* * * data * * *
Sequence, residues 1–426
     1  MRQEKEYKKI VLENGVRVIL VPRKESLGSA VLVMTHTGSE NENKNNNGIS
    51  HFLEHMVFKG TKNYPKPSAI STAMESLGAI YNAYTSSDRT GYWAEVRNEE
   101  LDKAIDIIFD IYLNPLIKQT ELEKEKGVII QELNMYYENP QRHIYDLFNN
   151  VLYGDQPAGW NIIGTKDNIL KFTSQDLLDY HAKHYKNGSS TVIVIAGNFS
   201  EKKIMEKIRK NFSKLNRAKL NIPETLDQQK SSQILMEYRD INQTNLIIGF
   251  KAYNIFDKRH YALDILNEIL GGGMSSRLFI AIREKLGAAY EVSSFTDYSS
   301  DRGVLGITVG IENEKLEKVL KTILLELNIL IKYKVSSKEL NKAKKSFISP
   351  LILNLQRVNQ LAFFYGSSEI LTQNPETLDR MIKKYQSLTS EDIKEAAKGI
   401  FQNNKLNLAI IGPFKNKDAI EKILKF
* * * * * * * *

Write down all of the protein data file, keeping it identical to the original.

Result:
Sequence, residues 1–426
     1  MRQEKEYKKI VLENGVRVIL VPRKESLGSA VLVMTHTGSE NENKNNNGIS
    51  HFLEHMVFKG TKNYPKPSAI STAMESLGAI YNAYTSSDRT GYWAEVRNEE
   101  LDKAIDIIFD IYLNPLIKQT ELEKEKGVII QELNMYYENP QRHIYDLFNN
   151  VLYGDQPAGW NIIGTKDNIL KFTSQDLLDY HAKHYKNGSS TVIVIAGNFS
   201  EKKIMEKIRK NFSKLNRAKL NIPETLDQQK SSQILMEYRD INQTNLIIGF
   251  KAYNIFDKRH YALDILNEIL GGGMSSRLFI AIREKLGAAY EVSSFTDYSS
   301  DRGVLGITVG IENEKLEKVL KTILLELNIL IKYKVSSKEL NKAKKSFISP
   351  LILNLQRVNQ LAFFYGSSEI LTQNPETLDR MIKKYQSLTS EDIKEAAKGI
   401  FQNNKLNLAI IGPFKNKDAI EKILKF